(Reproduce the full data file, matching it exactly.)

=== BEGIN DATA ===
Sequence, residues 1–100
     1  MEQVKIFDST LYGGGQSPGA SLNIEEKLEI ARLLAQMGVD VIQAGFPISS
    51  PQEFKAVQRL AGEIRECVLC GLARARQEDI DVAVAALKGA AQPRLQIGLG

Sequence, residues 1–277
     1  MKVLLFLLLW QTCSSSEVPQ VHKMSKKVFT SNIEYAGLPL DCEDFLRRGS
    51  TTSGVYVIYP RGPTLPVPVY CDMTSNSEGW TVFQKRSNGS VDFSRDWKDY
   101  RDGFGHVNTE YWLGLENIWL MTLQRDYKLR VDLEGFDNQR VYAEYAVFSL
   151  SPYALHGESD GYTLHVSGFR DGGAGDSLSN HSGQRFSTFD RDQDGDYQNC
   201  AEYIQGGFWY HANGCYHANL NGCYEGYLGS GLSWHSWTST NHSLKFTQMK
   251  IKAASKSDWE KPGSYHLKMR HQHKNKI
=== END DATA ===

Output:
Sequence, residues 1–100
     1  MEQVKIFDST LYGGGQSPGA SLNIEEKLEI ARLLAQMGVD VIQAGFPISS
    51  PQEFKAVQRL AGEIRECVLC GLARARQEDI DVAVAALKGA AQPRLQIGLG

Sequence, residues 1–277
     1  MKVLLFLLLW QTCSSSEVPQ VHKMSKKVFT SNIEYAGLPL DCEDFLRRGS
    51  TTSGVYVIYP RGPTLPVPVY CDMTSNSEGW TVFQKRSNGS VDFSRDWKDY
   101  RDGFGHVNTE YWLGLENIWL MTLQRDYKLR VDLEGFDNQR VYAEYAVFSL
   151  SPYALHGESD GYTLHVSGFR DGGAGDSLSN HSGQRFSTFD RDQDGDYQNC
   201  AEYIQGGFWY HANGCYHANL NGCYEGYLGS GLSWHSWTST NHSLKFTQMK
   251  IKAASKSDWE KPGSYHLKMR HQHKNKI